But I had trouble getting the I-modem configuration software to download the correct values. I kept getting write errors when the software downloaded the data. Sometimes the software gave me an error message and failed to set the values. Sometimes I got an error message, but the software set the correct values anyway. Decidedly, 3Com/U.S. Robotics needs to work on this configuration software.

When I finally succeeded in configuring the ISDN settings, I took advantage of a feature of the configuration software that tests the end-to-end connection between the I-modem and the telco switch. The first time I ran the test, it reported that my end-to-end link had problems. Screen 2 shows the error message I grew to hate.

After finding out that my connection did not work, I tried many different combinations of parameters in an effort to resolve the problem. Of course, the unreliable nature of the configuration software complicated this experimentation. I had to spend extra time reloading the software and reconfiguring its parameters to get around the write errors I kept getting.

Despite the effort I put into establishing this connection, I was unable to find any combination of parameters that led to a successful link. Or so I thought.

Good News, Bad News
Finally, I broke down and called 3Com/U.S. Robotics technical support. A representative told me that the configuration program was useless and that I should connect directly to the modem through HyperTerminal and use the AT commands. When I asked about the test results, the representative told me not to believe what I saw. The test results are frequently false, the representative said, and as long as the light-emitting diodes (LEDs) on the I-modem don't indicate a problem, the connection is OK. The company really needs to work on this configuration software.

When I got off the phone with 3Com/U.S. Robotics, I immediately called the I-modem data channel, hoping to hear the familiar squelching of modem negotiation. Instead I heard a fast busy signal. I wanted to give the I-modem the benefit of the doubt, so I hooked the unit up to a phone and called the analog channel. Again the I-modem rewarded me with a fast busy signal.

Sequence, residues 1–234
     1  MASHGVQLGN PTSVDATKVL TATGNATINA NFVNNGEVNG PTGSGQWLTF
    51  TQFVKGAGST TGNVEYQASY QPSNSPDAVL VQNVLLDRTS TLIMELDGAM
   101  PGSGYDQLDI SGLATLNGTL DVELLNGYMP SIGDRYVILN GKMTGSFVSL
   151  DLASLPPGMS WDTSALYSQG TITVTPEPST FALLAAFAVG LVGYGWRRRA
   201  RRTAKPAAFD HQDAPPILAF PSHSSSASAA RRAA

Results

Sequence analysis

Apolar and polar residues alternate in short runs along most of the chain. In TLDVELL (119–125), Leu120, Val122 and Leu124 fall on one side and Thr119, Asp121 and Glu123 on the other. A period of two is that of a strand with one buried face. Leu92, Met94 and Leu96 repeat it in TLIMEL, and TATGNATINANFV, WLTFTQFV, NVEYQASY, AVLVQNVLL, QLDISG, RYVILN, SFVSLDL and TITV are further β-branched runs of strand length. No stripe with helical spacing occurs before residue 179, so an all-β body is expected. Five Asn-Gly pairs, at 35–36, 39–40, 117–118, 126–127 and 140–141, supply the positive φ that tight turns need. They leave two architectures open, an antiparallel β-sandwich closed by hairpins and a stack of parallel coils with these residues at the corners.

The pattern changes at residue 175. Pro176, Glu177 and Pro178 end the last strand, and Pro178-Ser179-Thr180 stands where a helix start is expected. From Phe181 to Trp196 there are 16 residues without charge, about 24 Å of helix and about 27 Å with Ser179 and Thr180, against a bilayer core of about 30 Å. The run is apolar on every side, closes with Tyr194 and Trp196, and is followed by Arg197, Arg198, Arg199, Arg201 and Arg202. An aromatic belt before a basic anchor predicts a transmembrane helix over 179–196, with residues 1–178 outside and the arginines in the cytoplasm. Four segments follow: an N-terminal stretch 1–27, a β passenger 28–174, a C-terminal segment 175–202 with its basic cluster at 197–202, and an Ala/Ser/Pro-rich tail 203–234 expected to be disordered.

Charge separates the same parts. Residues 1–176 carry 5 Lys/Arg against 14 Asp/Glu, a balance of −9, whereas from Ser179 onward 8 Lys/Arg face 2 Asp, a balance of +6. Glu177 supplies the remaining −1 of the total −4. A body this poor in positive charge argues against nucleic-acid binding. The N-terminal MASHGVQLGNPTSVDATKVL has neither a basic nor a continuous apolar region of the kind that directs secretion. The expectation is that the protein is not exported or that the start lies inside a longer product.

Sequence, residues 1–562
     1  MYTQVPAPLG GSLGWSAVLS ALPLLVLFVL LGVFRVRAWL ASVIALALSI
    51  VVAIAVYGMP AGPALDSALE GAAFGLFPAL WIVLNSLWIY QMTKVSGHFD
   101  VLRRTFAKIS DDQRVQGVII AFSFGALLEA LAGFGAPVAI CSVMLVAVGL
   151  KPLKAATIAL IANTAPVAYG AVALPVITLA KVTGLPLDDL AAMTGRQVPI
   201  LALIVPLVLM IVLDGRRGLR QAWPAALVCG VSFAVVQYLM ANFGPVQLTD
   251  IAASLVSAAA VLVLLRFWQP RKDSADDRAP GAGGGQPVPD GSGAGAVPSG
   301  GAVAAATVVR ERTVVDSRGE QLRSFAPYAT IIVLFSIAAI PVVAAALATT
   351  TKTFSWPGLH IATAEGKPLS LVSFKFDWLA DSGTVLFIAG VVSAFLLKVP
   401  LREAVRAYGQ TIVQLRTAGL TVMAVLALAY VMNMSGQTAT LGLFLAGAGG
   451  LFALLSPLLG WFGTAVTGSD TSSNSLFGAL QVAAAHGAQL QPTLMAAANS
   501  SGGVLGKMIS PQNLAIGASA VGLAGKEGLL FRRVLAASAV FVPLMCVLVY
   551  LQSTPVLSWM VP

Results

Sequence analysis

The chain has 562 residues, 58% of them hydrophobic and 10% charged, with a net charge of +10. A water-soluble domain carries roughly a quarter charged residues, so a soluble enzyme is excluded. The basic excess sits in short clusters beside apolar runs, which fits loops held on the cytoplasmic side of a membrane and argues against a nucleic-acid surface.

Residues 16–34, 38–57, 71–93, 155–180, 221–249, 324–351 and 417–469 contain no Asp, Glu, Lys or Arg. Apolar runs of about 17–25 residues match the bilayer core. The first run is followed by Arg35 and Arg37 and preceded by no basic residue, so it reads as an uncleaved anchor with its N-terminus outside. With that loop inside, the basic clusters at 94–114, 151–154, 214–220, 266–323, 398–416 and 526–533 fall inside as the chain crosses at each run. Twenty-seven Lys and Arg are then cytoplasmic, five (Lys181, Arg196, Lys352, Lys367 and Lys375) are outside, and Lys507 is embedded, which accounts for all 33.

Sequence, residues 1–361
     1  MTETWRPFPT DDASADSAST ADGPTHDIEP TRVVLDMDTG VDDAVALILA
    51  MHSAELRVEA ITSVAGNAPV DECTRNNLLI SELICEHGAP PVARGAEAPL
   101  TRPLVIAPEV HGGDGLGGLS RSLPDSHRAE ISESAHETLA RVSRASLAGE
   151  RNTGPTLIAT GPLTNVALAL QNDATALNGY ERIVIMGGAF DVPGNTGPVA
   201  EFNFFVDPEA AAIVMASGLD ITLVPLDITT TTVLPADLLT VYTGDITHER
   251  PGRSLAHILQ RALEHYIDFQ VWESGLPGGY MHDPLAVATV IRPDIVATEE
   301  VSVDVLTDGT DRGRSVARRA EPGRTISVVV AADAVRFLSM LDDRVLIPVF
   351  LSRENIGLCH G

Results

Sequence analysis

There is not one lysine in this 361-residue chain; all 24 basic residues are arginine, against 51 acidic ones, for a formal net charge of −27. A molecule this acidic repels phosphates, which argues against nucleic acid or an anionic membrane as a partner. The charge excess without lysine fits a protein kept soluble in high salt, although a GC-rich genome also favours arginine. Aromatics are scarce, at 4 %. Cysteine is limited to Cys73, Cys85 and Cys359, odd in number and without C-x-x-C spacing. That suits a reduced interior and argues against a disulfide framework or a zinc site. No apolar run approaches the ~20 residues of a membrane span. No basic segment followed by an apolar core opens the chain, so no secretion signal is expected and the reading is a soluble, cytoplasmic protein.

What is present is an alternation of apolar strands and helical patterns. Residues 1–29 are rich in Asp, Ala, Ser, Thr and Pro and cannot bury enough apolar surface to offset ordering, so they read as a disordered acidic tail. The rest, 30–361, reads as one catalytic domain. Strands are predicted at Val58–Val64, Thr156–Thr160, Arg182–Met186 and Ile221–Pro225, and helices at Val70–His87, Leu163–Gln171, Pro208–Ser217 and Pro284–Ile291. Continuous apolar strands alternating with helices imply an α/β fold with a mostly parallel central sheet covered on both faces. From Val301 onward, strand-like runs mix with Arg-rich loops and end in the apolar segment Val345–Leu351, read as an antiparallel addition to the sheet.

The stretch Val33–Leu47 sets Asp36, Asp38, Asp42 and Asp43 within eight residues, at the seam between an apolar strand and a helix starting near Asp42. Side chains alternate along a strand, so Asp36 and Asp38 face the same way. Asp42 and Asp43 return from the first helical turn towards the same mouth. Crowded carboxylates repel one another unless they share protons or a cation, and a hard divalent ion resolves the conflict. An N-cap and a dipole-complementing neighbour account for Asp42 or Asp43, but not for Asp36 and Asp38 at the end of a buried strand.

At that point, the blood rushed out of my face, and a chill shot up my spine. The fast busy signal could only mean that the ISDN line wasn't provisioned to accept analog calls and that I would have to get US West to correct the problem.

I called Mel, who not only confirmed my suspicion, but made me feel even worse by adding, "I don't know of any case where a phone company has reprovisioned an ISDN line correctly. You might be better off having US West disconnect the line and add a new one." That was not what I wanted to hear.

Because of my horrible experience trying to get US West to provide ISDN service to my SOHO lab, I referred the problem to my company's telephony administrator. The building has many circuits (ISDN and otherwise), so I hoped the administrator would have better leverage with US West than I do.

I got very, very lucky. First, US West confirmed that my BRI circuit was not provisioned for analog calls. The provisioning was fine for the Web application the Lab originally used the line for, but to link to my SOHO lab, I needed to dial in using X2 and V.34 modems over analog lines. Second, US West reprovisioned the line correctly within a couple weeks of my request. I was skeptical when the telephony administrator told me US West had made the change. But when I dialed in to the I-modem over an analog line and heard the answering squelch ... well, I had an almost-religious experience.

When I had resolved the I-modem configuration issues and the ISDN provisioning, I was ready to rush home to my SOHO lab and dial in using X2. Was my SOHO connection to the Lab successful? You'll have to read next month's Lab Guys column to find out. In the meantime, if you happen to bump into any US West representatives, you can let them know I'm still waiting to hear why I don't yet have an ISDN connection in my SOHO lab. They can call anytime.